Department of Natural Resources
June 25, 2020
Drunk driving – busted. Drunk boating – same thing. Whether you’re on the road or on the water, Michigan Department of Natural Resources conservation officers want you to know that operating under the influence means serious consequences.
Michigan DNR conservation officers are participating in Operation Dry Water, a national safe boating campaign that promotes sober boating. Conservation officers will have an increased presence on the water during peak boating hours now until after the July Fourth holiday weekend to ensure everyone is responsibly enjoying the water.
Last year, alcohol use was the leading known contributing factor in fatal boating accidents; in incidents where the primary cause was known, it was listed as the leading factor in 23% of deaths, according to the U.S. Coast Guard.
“We want people to have a safe, fun holiday on the water and take sober boating seriously,” said Lt. Tom Wanless. “It’s just as easy to lose control of a vessel as it is a vehicle. Alcohol can affect you differently when spending time on the water and in the sun, increasing the likelihood of a boating accident or casualty. It might not even be a collision with another vessel – it could be a sharp, fast turn or hitting a wave that causes someone to fall off the vessel.”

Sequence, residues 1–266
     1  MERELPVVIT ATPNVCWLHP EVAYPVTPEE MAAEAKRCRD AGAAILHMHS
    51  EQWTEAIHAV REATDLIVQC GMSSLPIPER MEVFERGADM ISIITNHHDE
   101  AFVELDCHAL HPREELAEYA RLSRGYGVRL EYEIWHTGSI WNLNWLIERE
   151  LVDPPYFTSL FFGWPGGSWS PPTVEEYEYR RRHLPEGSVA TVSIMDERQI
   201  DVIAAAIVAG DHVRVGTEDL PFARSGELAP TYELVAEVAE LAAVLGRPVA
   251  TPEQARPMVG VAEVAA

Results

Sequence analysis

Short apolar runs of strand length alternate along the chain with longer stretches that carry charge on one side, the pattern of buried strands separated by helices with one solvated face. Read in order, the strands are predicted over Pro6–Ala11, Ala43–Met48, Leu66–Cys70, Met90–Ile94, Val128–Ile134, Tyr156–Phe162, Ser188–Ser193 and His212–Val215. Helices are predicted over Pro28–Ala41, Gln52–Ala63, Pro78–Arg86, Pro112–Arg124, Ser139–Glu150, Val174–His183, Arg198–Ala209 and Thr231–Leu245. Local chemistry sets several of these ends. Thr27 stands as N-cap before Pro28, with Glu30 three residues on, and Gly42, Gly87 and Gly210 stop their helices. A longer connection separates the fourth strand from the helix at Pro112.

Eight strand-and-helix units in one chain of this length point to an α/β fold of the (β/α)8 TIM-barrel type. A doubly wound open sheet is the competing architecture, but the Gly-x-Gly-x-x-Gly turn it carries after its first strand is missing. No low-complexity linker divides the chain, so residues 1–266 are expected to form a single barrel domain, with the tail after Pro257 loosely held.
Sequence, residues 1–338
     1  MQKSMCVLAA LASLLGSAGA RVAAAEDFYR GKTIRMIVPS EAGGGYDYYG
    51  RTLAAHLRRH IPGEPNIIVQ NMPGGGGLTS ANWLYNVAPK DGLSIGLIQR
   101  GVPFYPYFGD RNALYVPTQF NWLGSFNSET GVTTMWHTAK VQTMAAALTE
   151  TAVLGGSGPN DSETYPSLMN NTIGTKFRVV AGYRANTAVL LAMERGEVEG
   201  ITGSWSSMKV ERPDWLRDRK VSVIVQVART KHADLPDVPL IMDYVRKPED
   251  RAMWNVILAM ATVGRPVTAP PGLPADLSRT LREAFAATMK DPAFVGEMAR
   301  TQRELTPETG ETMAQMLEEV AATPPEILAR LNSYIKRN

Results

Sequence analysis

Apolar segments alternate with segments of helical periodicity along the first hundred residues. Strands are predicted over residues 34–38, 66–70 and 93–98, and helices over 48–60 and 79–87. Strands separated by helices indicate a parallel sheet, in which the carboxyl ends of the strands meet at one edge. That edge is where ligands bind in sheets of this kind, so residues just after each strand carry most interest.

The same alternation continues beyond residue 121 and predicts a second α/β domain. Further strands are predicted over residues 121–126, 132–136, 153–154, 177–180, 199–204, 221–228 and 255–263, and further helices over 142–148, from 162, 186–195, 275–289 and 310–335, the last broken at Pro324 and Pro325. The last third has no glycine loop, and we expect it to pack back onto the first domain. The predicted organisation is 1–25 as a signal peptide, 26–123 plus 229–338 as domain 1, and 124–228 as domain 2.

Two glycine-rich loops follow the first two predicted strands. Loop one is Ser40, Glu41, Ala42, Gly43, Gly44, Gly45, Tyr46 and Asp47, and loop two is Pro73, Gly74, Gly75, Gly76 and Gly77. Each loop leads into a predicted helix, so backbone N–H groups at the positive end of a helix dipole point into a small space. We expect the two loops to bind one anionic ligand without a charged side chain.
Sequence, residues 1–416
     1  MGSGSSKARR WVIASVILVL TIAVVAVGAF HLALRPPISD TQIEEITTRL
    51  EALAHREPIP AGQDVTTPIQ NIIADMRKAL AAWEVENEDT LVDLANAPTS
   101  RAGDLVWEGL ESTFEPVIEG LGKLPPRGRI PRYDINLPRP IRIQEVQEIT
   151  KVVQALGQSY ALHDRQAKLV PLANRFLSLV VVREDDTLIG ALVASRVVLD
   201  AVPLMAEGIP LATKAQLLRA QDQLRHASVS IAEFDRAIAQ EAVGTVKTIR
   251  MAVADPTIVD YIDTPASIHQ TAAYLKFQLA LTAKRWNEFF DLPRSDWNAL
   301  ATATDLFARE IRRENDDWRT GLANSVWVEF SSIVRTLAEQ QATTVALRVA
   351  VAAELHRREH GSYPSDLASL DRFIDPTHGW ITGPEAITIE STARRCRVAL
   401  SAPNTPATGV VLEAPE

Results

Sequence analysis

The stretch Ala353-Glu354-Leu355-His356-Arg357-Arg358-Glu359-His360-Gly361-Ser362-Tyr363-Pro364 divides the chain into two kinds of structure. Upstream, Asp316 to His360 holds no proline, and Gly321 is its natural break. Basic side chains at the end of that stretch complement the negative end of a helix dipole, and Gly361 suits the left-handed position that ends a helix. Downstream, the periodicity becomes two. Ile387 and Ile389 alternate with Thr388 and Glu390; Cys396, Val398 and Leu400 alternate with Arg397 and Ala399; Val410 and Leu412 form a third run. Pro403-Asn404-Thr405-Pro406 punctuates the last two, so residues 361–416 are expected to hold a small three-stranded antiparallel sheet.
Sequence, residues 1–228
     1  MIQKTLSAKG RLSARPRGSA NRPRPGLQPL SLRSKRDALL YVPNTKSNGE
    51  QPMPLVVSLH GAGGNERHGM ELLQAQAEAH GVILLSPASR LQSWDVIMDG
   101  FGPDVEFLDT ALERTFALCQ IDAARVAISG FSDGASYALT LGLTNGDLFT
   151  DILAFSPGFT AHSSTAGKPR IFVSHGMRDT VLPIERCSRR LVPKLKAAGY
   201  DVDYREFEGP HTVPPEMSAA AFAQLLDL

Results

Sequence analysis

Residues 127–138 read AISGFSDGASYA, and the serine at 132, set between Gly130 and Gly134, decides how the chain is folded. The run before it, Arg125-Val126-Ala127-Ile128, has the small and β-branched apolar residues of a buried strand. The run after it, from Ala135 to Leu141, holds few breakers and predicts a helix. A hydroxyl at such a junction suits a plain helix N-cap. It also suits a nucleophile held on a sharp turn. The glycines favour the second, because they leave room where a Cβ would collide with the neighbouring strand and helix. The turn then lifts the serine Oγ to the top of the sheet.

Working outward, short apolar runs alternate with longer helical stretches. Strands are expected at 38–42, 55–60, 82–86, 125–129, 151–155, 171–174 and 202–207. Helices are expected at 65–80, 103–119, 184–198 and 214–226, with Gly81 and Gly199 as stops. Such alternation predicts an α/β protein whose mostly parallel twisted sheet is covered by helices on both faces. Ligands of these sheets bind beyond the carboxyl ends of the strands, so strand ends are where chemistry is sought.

In Michigan, a Boating Under the Influence (BUI) charge is a misdemeanor offense. A person is operating illegally when their blood alcohol content is .08% or above.
“The safest and most responsible way to boat is with a sober operator who has completed an approved boater safety education course,” Wanless said.
U.S. Coast Guard 2019 data says that 70% of boating deaths occurred on boats where the operator did not receive boating safety instruction. Anyone born on or after July 1, 1996, must have a valid boater safety certificate to operate a motorized vessel in Michigan. People born on or after Dec. 31, 1978, must have a boater safety certificate to operate a personal watercraft (such as a SeaDoo or JetSki). The Michigan DNR offers boater safety education as an online course. Go to Michigan.gov/RecreationalSafety for more information.
Michigan conservation officers are fully commissioned state peace officers who provide natural resources protection, ensure recreational safety and protect residents by providing general law enforcement duties and lifesaving operations in the communities they serve.